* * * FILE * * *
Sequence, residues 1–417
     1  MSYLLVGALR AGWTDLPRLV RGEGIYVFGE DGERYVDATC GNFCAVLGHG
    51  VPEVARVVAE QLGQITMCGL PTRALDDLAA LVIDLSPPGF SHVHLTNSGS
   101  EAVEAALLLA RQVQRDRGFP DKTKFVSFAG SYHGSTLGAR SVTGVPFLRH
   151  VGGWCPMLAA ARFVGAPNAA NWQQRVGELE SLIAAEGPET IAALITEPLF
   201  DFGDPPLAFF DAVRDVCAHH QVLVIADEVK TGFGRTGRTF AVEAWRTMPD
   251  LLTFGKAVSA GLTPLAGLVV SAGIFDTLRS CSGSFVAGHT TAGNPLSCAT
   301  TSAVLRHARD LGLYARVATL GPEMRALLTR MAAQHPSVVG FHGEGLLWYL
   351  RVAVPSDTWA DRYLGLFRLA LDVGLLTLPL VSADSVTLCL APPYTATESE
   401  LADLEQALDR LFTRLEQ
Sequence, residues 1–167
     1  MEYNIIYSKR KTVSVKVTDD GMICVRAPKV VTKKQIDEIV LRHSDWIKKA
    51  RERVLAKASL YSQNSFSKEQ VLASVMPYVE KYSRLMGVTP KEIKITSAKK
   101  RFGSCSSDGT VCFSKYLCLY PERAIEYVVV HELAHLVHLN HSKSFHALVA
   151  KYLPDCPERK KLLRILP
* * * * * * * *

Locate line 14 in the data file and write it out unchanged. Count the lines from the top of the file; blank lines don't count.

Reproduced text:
   101  RFGSCSSDGT VCFSKYLCLY PERAIEYVVV HELAHLVHLN HSKSFHALVA